At the beginning of August I undertook a field trip to the Urtsadzor mountains to set up the trail cameras and make sure everything is working properly.
During this trip I made an exciting discovery. I found animal faeces which I’m sure originate from the Caucasian Leopard.
Months before, in early March, I was able to detect the leopard’s paw print on fresh snow. These two findings provide tangible evidence that the leopard that we recorded in summer 2013 with our camera traps is still in our area.
The Caucasian Leopard isn’t the only wild cat that we are recording in the Caucasus Wildlife Refuge. We recently had footage of a Caucasian Lynx (Lynx lynx dinniki), quite a rare species in the South Caucasian Mountains.
There are almost no studies on smaller and medium sized felines in Armenia and there is no information about Lynx lynx dinniki in the Red Book of Armenia.
All lynxes inhabiting Europe and Asia have recently been reclassified as being subspecies of what is now called the Eurasian Lynx (Lynx lynx). (Formerly, each subspecies was classified as a different species of the genus Lynx.)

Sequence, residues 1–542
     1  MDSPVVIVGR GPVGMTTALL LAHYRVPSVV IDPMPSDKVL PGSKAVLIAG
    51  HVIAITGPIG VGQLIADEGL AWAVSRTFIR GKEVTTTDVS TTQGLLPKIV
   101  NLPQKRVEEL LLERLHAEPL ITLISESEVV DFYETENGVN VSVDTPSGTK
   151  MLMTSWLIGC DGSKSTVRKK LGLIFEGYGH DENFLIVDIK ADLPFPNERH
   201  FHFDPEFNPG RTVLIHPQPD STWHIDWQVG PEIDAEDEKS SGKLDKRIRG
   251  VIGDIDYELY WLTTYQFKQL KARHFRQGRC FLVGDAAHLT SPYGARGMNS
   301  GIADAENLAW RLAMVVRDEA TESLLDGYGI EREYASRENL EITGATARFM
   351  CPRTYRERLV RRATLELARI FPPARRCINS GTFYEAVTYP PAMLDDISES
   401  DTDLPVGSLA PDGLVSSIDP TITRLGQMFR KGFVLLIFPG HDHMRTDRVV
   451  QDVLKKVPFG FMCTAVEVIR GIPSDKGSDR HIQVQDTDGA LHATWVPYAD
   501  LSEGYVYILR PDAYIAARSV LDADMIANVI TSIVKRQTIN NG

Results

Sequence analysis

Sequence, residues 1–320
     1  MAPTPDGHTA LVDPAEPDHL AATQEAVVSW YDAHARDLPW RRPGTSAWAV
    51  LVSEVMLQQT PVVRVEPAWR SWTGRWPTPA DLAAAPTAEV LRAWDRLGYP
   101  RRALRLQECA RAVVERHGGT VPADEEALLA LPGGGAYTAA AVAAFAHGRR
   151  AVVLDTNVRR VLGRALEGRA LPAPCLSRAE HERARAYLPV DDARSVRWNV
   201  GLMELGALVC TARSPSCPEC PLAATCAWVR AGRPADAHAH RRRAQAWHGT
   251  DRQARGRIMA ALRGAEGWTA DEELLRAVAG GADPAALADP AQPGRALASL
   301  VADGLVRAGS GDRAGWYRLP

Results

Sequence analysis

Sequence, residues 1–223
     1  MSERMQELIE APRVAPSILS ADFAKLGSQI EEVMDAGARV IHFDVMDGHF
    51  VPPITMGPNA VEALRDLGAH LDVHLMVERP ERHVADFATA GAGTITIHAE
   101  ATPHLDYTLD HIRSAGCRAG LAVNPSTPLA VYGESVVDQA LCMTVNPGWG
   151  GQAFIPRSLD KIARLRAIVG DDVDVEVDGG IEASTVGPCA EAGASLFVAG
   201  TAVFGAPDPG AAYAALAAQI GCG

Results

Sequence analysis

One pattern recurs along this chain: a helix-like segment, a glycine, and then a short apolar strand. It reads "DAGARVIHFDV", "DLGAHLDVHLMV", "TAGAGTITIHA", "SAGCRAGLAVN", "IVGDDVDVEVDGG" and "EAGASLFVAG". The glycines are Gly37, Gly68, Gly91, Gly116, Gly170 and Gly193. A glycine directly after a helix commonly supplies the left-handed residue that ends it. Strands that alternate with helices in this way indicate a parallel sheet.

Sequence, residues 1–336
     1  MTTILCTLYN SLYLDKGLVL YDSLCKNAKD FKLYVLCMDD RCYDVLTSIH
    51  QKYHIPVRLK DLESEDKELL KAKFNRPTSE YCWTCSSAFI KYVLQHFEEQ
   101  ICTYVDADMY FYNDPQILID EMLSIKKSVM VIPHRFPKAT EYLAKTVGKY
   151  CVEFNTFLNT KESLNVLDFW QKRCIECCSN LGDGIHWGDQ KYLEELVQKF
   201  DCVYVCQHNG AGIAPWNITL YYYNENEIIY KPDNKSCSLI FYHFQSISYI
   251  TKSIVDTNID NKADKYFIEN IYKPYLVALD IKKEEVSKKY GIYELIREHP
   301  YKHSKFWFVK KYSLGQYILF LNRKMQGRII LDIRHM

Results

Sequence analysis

I’m sure that the lynx on our footage can be identified as a Caucasian Lynx as this subspecies has some very characteristic features. The animal is bigger and heavier than the other subspecies and the fur has many clearly distinctive spots.
For more trail camera video of lynx in Armenia, see Lynx caught on camera in Caucasus Wildlife Refuge »
The Caucasus Wildlife Refuge is owned and managed by the Foundation for the Preservation of Wildlife and Cultural Assets (FPWC), a WLT partner.
You can support ongoing monitoring of wild cats in the Caucasus Wildlife Refuge by donating to WLT’s Action Fund and earmarking your donation for “Armenia” or by donating to Keepers of the Wild.